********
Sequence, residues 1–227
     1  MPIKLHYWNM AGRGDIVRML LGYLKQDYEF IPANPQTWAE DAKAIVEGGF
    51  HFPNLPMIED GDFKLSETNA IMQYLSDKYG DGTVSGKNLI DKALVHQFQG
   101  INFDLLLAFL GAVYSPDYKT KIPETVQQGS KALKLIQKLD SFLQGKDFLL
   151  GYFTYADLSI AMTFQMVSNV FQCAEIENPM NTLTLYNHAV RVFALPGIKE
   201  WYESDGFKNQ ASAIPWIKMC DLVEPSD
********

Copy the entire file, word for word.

Sequence, residues 1–227
     1  MPIKLHYWNM AGRGDIVRML LGYLKQDYEF IPANPQTWAE DAKAIVEGGF
    51  HFPNLPMIED GDFKLSETNA IMQYLSDKYG DGTVSGKNLI DKALVHQFQG
   101  INFDLLLAFL GAVYSPDYKT KIPETVQQGS KALKLIQKLD SFLQGKDFLL
   151  GYFTYADLSI AMTFQMVSNV FQCAEIENPM NTLTLYNHAV RVFALPGIKE
   201  WYESDGFKNQ ASAIPWIKMC DLVEPSD